I'm sure the manufacturers of actives take steps to isolate anything that...well, no, I'm not really sure of that at all. Most of the manufacturers of active speakers are in the pro audio world and don't share many common audiophile beliefs. But most actives are built with amps on a steel backplate, screwed to the cabinets that are designed to be inert, so I can't imagine there's much to worry about.

    Tim
    In high-end audio, you can't even fight an opinion with the facts.

  7. #7
    [Industry Expert] Addicted to Best! DaveC's Avatar
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    I incorporate mechanical damping in the components I build. Silicon, felt and viscoelastic damping material are used to control vibration in PCBs and the parts mounted to them, transformers are placed on a thick pad of felt, and capacitors that are secured with cap clamps have felt or cotton cloth between the cap and the clamp. A combination of hardwood and metal is used for both aesthetics and resonance control.

    Even large manufacturers like Sony have put a lot of thought into their chassis and footer designs. From Steven Stone's TAS Article:

    "Unlike many digital products, where the chassis is merely a big metal box, the HPS-Z1Es uses “Frame Beam Chassis” construction, which Sony has used on all its ES-level products in the past. The HP-Z1ES’s base is composed of two metal plates of different thicknesses that support the main chassis. There are two additional base plates under each power transformer. Along with these metal plates, Sony employs structural beams than run crosswise to reinforce the overall rigidity and improve resonance control."

    http://www.theabsolutesound.com/arti...-audio-player/

    While it's true many good sounding systems and components don't pay much attention to this issue that doesn't mean there are no improvements to be had if they did. And for many that's part of the hobby, improving everything possible.
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  8. #8
    Addicted to Best! PeterA's Avatar
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    Quote Originally Posted by PeterA View Post

    1. What are the different types of vibrations?
    2. What causes these vibrations?
    3. What components are most susceptible to these vibrations?
    4. What is the best way to manage these vibrations?
    5. Can we measure the distortions caused by these vibrations?
    6. Can we determine through science how effective our solutions to these vibrations really are?
    I don't have much of a technical background, but I will try to answer some of these questions. Please correct any mistaken or incorrect information.

    1. Types of Vibrations:
    A. Air borne vibrations.
    B. Floor borne vibrations.
    C. Internal mechanical vibrations.

    2. Causes of Vibrations:
    A. Air borne vibrations - primarily speaker output, sound wave pressure
    B. Floor borne vibrations - earth/ground structural movement, foot falls, movement over springy floors.
    C. Internal mechanical vibrations - speaker drivers, current running through wires, transformer hum, tube filament movement

    3. Components, in order, most susceptible to vibrations:
    Turntables, speakers, tube electronics, SS electronics, cables

    4. Vibrations management solutions:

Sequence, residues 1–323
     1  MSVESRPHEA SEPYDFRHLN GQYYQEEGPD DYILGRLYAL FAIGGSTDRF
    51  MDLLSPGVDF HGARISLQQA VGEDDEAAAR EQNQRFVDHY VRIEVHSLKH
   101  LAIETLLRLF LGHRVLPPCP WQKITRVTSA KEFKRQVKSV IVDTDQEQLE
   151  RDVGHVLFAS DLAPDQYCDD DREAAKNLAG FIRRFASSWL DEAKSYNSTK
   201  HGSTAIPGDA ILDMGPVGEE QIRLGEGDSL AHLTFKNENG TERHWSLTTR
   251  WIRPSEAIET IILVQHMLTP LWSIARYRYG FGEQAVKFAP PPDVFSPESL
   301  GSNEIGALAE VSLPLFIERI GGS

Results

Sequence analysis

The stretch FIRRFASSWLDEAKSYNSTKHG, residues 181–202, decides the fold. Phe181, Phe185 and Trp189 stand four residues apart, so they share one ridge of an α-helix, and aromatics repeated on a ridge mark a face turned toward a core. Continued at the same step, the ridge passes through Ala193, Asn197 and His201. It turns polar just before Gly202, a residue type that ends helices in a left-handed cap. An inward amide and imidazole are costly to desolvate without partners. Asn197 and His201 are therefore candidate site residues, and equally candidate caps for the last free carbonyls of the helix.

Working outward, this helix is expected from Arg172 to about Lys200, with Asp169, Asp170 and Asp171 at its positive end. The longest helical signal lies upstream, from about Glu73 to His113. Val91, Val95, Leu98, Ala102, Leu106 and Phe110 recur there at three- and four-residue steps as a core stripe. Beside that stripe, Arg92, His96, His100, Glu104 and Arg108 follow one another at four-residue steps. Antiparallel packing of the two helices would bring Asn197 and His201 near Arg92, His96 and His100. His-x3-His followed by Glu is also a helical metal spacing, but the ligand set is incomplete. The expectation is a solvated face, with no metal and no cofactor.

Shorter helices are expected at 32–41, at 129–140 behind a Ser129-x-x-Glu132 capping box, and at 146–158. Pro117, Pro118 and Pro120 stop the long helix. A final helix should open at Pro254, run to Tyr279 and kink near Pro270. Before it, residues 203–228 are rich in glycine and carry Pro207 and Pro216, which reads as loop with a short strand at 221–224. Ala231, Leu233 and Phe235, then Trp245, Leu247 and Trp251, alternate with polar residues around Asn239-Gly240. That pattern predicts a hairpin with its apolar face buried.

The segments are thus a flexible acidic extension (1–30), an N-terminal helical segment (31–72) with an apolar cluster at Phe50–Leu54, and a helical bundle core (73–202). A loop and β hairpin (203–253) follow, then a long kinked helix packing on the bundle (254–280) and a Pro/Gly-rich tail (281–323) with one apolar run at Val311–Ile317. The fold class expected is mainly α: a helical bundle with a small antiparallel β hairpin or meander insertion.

A. Air borne - isolation in a different room, lower profile/surface area, mass loading
    B. Floor borne - isolation from source: rubber, air bladder, active servo, different room location
    C. Internal mechanical - damping, isolation, mass loading, mechanical energy drainage path

    5. Can we measure the distortions? Probably, though I have no idea how.

    6. Can science help us? Certainly, but I don't see much discussion about specific solutions.

    One solution that I use is a multi-tiered approach. My turntable has a thin profile to address airborne vibrations. It has a mechanical separation between the motor and platter/armboard. It has a soft, scrolled platter surface for better contact and vibration dissipation with the vinyl. It has a mass loaded and energy drainage path for mechanical vibrations to exit the armboard and the entire system via steel ball bearing footers. These rest on a floating 280 lbs steel mass above isolation air bladder footers. So, energy entering the system is addressed, and energy created within the system is routed out through mechanical means.

    The rest of my electronics are isolated on air bladder supports and I am considering ways to drain internal mechanical vibrations from these components. My speakers are highly engineered to address vibrations and I have added supports to my wooden suspended floor to reduce its movement.
    My system link on WBF: http://www.whatsbestforum.com/showth...-Sublime-Sound
    Analog: SME 30/12, SME V-12, My Sonic Labs Signature Gold, AirTight Supreme, VDH Colibri Platinum, MINT LP protractor
    Electronics: Pass Labs XA160.5 amp, XP-22 preamp, XP-25 phono, Cables: Transparent REF XL MM2,
    Speakers: Magico Q3, Magico Mini II, Essentials: Jim Smith RoomPlay, 3 Vibraplanes, Dedicated circuits

  9. #9
    Addicted to Best! rbbert's Avatar
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    Wood, regardless of type and weight, is inherently resonant, never dead, so in most (or all) cases wood alone will not isolate or damp vibrations. Many speakers designers use this to "voiice" their products; others, notably Rockport and Magico, either avoid wood or supplement it with a variety of materials in an attempt to avoid resonance totally.

  10. #10
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    I have it on my TODO list to measure the effect of vibrations on equipment. Haven't finished feasibility of it yet.